Picture of Quinci̱era Hummer

Limo to bring the Quinceañera and her Chambelan from Mass to her party.

The Quinceañera tradition is imbued with cultural and religious meaning. It is a tradition that has come to transcend national boundaries and is so important to its practitioners that they are willing to sacrifice time and money in order to maintain this meaningful right of passage. 

 As a young girl in the Hispanic youth group at St. Dominic’s explains her excitement for her Quinceañera (which was planned for September 2014), she sits up straight in her chair, uncrosses her arms, smiles, and says: “I cannot wait to share this tradition with friends.”  She then begins to explain further that while this celebration is expensive, the benefits outweigh the costs.  Being able to maintain Mexican tradition in the United States, to share one of the most important rights of passage for young, Latina women with family and friends (many of whom have never been exposed to such cultural practices) makes the monetary cost more than worth it for many.


Quinceañera leading a prayer during Mass. 

The ceremonies begin with a Mass.  During the service, the Quinceañera (the young woman celebrating her 15th birthday), dressed in an extravagant (usually floor-length) dress and wearing a tiara, takes a lead role in the Mass.  She sits in the first pew of the church with her family, leading prayers and taking communion before any other worshippers. At St. Dominic’s there are often two or three photographers at the service, who hastily snap photos from either side of the pulpit throughout the hour-long mass. 

After the service ends, the Quinceañera and her chambelan (court), a predetermined group of teenagers who are friends with the Quiceañera (equal number girls and boys) in matching dresses and suits, make their way out to the parking lot where they are driven to the party.  At the party the court performs a few dances that they have practiced for weeks before the event, concluding the formal celebratory rituals.  The guests, court, and Quinceañera then enjoy the rest of the night eating, drinking, dancing, and celebrating together.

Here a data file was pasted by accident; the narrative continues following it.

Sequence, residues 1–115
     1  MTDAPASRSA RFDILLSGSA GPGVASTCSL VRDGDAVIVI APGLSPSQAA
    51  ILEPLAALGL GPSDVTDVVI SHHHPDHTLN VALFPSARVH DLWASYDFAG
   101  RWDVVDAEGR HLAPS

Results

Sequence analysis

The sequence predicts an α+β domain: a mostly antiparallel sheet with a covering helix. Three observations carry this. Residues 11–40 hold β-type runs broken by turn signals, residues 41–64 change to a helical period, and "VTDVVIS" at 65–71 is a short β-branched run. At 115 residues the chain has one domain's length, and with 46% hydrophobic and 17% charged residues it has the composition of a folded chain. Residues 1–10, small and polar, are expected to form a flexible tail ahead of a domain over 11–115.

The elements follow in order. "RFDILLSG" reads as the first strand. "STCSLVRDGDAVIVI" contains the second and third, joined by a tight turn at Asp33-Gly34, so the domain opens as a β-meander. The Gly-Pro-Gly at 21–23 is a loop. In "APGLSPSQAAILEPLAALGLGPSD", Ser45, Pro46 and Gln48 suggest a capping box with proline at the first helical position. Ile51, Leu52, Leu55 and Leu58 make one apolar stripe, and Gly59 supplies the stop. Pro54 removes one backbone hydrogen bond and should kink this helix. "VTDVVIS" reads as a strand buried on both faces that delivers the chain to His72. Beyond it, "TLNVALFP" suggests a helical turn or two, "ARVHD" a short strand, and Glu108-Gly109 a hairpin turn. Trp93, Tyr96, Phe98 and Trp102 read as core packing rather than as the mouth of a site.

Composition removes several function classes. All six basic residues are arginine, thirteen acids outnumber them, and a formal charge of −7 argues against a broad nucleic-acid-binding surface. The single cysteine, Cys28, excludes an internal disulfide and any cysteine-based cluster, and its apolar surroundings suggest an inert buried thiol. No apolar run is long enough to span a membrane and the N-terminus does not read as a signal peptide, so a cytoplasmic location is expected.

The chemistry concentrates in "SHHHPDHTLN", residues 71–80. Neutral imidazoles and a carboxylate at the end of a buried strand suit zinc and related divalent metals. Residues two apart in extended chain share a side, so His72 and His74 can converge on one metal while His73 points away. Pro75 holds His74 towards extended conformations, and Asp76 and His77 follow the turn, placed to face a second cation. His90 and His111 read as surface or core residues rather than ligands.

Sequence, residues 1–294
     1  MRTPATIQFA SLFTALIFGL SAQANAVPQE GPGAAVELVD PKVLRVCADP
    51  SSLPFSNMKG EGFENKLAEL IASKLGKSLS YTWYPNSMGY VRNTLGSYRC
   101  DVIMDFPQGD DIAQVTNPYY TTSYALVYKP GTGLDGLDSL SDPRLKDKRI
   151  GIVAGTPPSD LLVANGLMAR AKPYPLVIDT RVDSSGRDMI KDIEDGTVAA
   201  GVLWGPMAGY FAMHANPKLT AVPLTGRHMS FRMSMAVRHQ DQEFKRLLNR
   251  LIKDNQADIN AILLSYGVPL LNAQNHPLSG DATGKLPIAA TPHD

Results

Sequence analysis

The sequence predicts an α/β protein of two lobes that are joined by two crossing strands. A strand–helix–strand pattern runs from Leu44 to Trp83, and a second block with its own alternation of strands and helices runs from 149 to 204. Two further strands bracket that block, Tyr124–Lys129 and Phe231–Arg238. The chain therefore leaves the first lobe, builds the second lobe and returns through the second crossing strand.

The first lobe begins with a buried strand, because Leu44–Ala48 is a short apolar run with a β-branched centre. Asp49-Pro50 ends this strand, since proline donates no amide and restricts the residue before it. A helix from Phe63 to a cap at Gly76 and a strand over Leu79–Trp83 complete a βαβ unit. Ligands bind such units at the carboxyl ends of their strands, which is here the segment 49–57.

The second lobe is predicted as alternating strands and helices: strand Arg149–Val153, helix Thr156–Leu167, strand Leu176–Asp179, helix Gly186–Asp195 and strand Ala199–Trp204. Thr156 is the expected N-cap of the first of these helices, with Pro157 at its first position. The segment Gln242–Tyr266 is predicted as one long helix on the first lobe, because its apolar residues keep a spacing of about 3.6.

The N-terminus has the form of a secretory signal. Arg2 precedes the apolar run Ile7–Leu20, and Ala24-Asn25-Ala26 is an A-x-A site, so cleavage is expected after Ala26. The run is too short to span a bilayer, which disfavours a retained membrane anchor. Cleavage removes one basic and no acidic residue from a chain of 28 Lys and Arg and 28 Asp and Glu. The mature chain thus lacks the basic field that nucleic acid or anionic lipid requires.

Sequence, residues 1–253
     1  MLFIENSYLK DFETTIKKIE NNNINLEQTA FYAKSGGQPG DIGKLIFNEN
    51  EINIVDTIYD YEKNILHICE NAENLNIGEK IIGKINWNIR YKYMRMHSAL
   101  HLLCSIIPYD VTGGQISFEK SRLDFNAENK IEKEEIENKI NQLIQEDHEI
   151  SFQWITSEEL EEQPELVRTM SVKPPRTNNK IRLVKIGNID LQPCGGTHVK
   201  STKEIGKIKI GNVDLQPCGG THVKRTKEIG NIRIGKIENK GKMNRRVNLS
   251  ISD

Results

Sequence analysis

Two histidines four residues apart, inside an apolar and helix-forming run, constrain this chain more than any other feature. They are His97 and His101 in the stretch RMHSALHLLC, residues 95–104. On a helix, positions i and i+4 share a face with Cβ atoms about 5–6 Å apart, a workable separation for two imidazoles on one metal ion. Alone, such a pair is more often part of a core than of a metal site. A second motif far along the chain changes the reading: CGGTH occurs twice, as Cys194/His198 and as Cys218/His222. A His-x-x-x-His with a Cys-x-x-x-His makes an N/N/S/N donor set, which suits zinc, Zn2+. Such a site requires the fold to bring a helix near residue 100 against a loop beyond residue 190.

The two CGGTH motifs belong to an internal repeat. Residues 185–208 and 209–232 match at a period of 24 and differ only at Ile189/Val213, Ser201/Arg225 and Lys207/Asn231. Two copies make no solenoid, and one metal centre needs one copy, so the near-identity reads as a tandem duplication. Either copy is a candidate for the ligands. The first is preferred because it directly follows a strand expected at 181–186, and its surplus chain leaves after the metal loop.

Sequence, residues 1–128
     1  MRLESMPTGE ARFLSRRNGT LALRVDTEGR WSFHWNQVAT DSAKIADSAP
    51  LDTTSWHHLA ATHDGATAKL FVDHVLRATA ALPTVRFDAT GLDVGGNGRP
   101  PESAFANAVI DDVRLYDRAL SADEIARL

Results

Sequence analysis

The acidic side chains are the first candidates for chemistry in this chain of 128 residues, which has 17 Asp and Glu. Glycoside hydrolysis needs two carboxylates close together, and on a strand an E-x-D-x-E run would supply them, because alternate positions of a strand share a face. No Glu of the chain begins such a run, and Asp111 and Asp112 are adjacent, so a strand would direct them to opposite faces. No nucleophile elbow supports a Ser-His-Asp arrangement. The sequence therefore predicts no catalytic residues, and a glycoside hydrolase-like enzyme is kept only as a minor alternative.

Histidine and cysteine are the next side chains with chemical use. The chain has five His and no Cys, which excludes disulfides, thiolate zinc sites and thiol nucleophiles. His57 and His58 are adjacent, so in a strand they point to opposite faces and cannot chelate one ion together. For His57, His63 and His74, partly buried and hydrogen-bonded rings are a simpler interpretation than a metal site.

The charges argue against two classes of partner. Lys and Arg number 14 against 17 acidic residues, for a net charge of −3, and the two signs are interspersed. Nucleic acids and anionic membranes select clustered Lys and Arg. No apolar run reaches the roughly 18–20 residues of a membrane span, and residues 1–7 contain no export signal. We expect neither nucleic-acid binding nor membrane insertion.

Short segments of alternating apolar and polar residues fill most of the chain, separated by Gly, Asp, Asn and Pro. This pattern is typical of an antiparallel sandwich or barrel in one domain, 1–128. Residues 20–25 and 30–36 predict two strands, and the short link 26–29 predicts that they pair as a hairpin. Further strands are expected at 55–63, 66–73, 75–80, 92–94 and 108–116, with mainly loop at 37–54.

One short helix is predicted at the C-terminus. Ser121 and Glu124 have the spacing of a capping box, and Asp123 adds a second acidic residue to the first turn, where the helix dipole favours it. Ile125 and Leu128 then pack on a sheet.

"These are good girls either way, but I really give credit to the ones who can look and say you know, my family really can’t afford it.  As much as I would like to have my big party, my big moment, there are girls who are saying it’s okay to do something simple because there are going to be other things in the future. That’s really neat when they can do that, but there’s a lot of pressure I think."

While Father Denny, former priest of St. Dominic's, holds the Mass for the eight to twelve Quiceañeras in Northfield each year, he explains some of his reservations about this celebration.  Many congregants share these same criticisms:

  The unfortunate part from my perspective is that it’s kind of like a pressure that you have to have this whole blown out thing, and these poor families have to be able to put down four to six thousand dollars for a fifteenth birthday. Then with the hope that she’s going to want a car and a college education it's a heck of a sacrifice…

Despite such criticism, however, the Quiceañera celebration remains one of the most revered Latino traditions at St. Dominic's.